Fillet steak at the Cowshed
On Friday night, we left dinner a little late and weren't sure where to try. We might have gone to Bistro du Vin but we had had steak the night before. Equally, although the menu at Bordeaux Quay looked quite promising, we weren't convinced by the ambiance, based on the restaurant's website. Thinking pizza might be a good option, we came across A Capella, which earned high praise from the Guardian, but it turned out to be too far out of town. Finally, we settled on No 51 Stokes Croft, which also sounded like a good bet for pizza. I was somewhat dubious when we showed up and there was a club-style bouncer and a bar/club set-up downstairs. The upstairs restaurant was quieter and cosier, though, and with music from the Blues Brothers soundtrack and from Mr J. Cash. The pizzas were actually very good: big, thin and crispy and with good quality tomato and mozzarella. Unusually, I chose a prosciutto, rocket and parmesan topping, which I promptly ate straight off the pizza before making a start on the base. So, that told me!

Places to caffeinate
We had a few coffee joints on our shortlist, assuming that our choice would probably depend on our location. We ended up having a macchiato and a sandwich at 194° Fahrenheit on a sunny, pedestrianised street in Clifton. The coffee was good, although not world-class--there was too much milk in my double mac, although the non-coffee-snob part of me doesn't really mind this. The other main candidate on my caffeine list was Coffee #1, which has a number of outlets in the region, including one in Clifton. We had a quick peek inside and it had the feel of a friendly, neighbourhood coffee shop but with the bonus of a great coffee machine (La Marzocco). Sadly, we didn't have time to test out the coffee but I would definitely want to stop by next time I'm in town.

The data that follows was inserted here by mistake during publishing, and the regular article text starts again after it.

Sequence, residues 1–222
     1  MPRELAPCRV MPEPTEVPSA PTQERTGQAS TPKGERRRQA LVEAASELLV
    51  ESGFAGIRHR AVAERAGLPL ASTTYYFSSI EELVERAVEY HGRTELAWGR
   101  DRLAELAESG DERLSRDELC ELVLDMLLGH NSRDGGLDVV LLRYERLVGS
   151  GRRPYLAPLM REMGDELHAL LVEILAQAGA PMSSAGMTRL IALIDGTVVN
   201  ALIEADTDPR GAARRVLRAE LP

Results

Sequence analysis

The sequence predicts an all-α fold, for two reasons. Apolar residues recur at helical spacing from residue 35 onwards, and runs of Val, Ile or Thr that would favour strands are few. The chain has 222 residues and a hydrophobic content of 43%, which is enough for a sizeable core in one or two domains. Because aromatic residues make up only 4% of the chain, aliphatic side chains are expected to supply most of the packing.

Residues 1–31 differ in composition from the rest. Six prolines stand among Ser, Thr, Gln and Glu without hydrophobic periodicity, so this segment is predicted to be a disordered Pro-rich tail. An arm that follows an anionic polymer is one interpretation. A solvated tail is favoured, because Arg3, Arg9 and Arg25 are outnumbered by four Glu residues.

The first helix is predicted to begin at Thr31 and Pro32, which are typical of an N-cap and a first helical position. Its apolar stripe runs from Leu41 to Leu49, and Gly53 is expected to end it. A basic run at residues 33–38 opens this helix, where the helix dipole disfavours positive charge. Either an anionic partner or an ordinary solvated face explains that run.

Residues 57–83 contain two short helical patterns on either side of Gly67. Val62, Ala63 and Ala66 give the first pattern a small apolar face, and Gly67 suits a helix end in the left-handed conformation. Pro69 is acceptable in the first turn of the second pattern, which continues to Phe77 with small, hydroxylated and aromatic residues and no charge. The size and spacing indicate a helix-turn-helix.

Macchiato at 194F
Places to see
OK, so we didn't end up doing that many touristy things. We walked along the harbourside, which was pretty funky and high-tech, and we walked up to the Clifton Suspension Bridge, which provided some great views by day and by night. We also went to the camera obscura in the Clifton Observatory, next to the bridge. I'm not sure I've ever been in a camera obscura before and it was great fun being able to watch the view of the bridge--and to spy on people outside, of course! Other than that, we wandered a lot and watched the Hunger Games film (review to follow), at the Showcase cinema, rather than at the Watershed, sadly.
Clifton Suspension Bridge by night

Overall, then, Bristol impressed me. If you're looking for a cool place for a short city break, I would definitely recommend it. I didn't end up doing any shopping, unusually for me, but from what I saw of the shops, it looks like it would be a good shopping destination too.

Because it wouldn't be a holiday without a leap - this is taken in Millenium Square, near the Harbourside